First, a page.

Foreword Reviews


Clarion Rating: 4 out of 5

Caroline is a subtle and poignant novel in which an impressionable lawyer falls in love.

In Adrian Spratt’s elegiac romance novel Caroline, a lawyer forms a relationship with an adrift woman and reckons with his disability.

Nick, a blind lawyer in his midtwenties living in Reagan-era Brooklyn Heights, is an introspective man. He’s been disappointed by love and is now cautious about it. Nonetheless, he’s intrigued when he meets Caroline in a creative writing course. He’s working on a short story and novel excerpt—both projects about himself, veiled as fiction. Through it all, Nick ruminates on what it’s like to navigate blindness in a presumptuous, sighted world.

Between fielding comments from other writers in his workshop, Nick reminisces loosely about his parents and his past; converses with colleagues; and appears in court. His story is rearward-gazing and marked by his own sense of ambiguity: in a post-college bachelorhood state, his options for his career, and for love, seem limitless, but he’s daunted by the possibilities. Indeed, he’s yet to define what he wants.

The languorous buildup around the couple’s relationship mirrors their doubts: Caroline discloses few details about her living arrangements and plans, while Nick, who recognizes her instability, is reluctant to consider her as his girlfriend. Still, their passion for each other is evident, and their unspoken dependence on each other is movingly detailed.

Given to digressions, including excerpts from Nick’s writing and the workshop, the story takes a roundabout approach to addressing its intriguing questions about blindness and what it’s like to write from a perspective that depends on nonvisual strategies. But once the class—which is responsible for pulling Nick and Caroline together—is done, Nick’s writing is forced into the novel’s background.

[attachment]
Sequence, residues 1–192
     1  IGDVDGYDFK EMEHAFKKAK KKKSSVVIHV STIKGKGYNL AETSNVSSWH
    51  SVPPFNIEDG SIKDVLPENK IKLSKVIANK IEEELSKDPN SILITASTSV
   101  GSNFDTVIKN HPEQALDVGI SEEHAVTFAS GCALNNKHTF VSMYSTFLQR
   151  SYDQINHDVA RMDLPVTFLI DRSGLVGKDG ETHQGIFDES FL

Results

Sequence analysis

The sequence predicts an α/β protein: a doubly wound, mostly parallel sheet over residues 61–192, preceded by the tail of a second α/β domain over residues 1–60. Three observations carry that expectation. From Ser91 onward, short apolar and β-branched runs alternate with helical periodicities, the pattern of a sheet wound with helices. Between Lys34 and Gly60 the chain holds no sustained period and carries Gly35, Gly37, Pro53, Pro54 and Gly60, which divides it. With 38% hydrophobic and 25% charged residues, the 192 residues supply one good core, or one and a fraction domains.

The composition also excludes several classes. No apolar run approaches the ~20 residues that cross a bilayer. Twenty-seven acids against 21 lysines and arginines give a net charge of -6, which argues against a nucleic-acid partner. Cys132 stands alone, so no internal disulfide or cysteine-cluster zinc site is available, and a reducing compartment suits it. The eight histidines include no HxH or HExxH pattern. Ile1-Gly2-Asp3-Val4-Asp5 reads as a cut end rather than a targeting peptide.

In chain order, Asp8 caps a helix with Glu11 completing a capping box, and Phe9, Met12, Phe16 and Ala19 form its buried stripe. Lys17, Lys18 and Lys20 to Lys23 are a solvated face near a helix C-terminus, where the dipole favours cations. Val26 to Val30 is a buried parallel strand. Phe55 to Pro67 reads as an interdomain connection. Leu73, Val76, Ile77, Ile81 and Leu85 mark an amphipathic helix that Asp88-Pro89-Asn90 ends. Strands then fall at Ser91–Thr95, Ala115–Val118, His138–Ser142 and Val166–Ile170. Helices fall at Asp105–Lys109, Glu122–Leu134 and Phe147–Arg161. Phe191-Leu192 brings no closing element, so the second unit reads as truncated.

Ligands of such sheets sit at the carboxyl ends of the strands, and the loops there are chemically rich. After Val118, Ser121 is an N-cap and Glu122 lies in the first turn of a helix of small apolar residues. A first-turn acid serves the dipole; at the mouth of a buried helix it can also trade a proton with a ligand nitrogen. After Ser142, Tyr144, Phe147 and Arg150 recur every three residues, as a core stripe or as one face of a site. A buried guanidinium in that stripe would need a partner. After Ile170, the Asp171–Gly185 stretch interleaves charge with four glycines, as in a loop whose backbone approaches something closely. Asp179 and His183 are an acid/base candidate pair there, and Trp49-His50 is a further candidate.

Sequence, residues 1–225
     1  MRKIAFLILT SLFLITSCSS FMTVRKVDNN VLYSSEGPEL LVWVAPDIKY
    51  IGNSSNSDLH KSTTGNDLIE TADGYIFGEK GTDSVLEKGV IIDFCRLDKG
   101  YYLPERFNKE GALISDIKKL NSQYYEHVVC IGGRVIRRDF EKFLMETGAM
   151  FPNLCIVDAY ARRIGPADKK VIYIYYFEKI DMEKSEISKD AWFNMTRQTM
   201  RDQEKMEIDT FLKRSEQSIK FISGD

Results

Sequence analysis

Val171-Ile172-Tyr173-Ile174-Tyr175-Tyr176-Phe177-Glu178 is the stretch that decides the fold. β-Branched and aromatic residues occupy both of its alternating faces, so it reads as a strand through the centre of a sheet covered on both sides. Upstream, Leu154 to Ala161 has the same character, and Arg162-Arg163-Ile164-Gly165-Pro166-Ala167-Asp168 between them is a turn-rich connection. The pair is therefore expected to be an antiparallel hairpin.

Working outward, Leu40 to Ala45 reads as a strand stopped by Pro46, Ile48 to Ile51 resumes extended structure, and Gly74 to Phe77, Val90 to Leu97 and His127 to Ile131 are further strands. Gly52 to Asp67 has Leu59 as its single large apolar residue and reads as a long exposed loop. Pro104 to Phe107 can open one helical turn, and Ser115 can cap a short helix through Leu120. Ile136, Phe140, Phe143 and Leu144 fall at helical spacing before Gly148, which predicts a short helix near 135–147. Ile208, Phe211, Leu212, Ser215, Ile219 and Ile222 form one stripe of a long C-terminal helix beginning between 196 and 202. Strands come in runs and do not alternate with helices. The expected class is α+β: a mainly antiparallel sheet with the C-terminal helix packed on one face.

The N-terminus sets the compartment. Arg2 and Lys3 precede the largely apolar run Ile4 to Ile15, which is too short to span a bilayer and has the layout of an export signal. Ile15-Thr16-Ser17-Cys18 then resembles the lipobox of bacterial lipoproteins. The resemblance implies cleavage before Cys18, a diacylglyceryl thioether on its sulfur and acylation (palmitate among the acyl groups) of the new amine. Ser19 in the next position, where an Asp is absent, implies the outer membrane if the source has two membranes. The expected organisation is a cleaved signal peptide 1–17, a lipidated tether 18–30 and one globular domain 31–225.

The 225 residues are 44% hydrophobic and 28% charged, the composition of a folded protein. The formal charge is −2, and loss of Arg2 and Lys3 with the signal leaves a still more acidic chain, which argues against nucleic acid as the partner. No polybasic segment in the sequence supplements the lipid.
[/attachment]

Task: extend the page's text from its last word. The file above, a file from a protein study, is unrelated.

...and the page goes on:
Caroline’s mental health decline becomes a point of focus in the book’s later sections, in which Nick blames himself for their inability to advance their relationship. The results are haunting. But because Caroline’s depression is understood only through Nick’s nostalgic, pained memories, her own feelings are surmised rather than defined; she’s more of a troubled, free-spirited archetype in the novel than a fleshed-out figure. Further, the novel’s secondary characters, including Nick’s assistants and Caroline’s bar patrons, are limited by the circumstances of their connections to the couple. They express concerns about Nick and Caroline, but are an unsteady force; both Nick and Caroline are somewhat isolated regardless of their attentions.

Working toward a tragic conclusion, Caroline is a subtle and poignant novel in which an impressionable lawyer falls in love.

Reviewed by Karen Rigby

Disclosure: This article is not an endorsement, but a review. The publisher of this book provided free copies of the book and paid a small fee to have their book reviewed by a professional reviewer. Foreword Reviews and Clarion Reviews make no guarantee that the publisher will receive a positive review. Foreword Magazine, Inc. is disclosing this in accordance with the Federal Trade Commission’s 16 CFR, Part 255.

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